Co-operative Bank Thursday said it has taken up a 51 per cent stake in its South Sudan subsidiary as it posted a 21.7 per cent net profit growth in the first half.
This is the first time the bank has ventured outside Kenya in a deal that will entail a greenfield joint venture worth Sh1.2 billion ($15 million) with the government of South Sudan, which holds the remaining 49 per cent stake.
“The majority stake gives us control of the subsidiary and we will be responsible for the management of the bank,” Co-op Bank Managing Director Gideon Muriuki told Business Daily.
He added that the government of South Sudan will hold the stake in trust for three years before handing it over to the co-operative movement that is being developed in that market.
The bank will initially open five branches in the capital Juba by December with plans to replicate its strategy of working with co-operative societies in the newly independent state.
In Kenya, Co-op has leveraged on the 10,000 co-operative societies with eight million customers to marshal deposits, expand lending and transaction-based income.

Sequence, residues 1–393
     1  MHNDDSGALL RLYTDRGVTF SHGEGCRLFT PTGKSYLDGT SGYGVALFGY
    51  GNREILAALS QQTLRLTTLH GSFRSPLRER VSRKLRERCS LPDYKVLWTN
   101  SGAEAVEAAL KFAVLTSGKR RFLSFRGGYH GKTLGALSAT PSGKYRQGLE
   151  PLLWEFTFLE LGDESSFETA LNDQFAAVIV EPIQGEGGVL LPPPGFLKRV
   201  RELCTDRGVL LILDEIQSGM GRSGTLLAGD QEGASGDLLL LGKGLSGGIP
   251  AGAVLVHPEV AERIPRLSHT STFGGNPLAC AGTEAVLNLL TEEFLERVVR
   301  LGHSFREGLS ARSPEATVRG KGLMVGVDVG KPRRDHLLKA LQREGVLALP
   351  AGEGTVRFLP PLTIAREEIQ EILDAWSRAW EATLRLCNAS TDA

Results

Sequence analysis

Mr Muriuki said experience in South Sudan will guide its plans to further expand into Tanzania, Uganda, and Rwanda.
The venture into the new market comes after the bank’s net profit rose to Sh4 billion in the six months to June from Sh3.3 billion a year earlier. This was driven by increased lending and higher net interest margin.
Its loan book grew 18.3 per cent to Sh112.6 billion from Sh95.1 billion, raising interest income 78.4 per cent to Sh12.9 billion from Sh7.2 billion. Mr Muriuki said interest income grew faster than the loan book because of the higher rates in the review period.
Co-op’s interest expenses rose 318 per cent to Sh5.5 billion from Sh1.3 billion but it grew its net interest income by 25 per cent to Sh7.4 billion.
Base lending rates more than doubled to 25 per cent in last year’s fourth quarter after the Central Bank raised its signal lending rate to 18 per cent to tame inflation and support the weak shilling. The lending rates more than tripled the deposit rates, which averaged seven per cent, though large depositors were able to negotiate for up to 20 per cent for their money.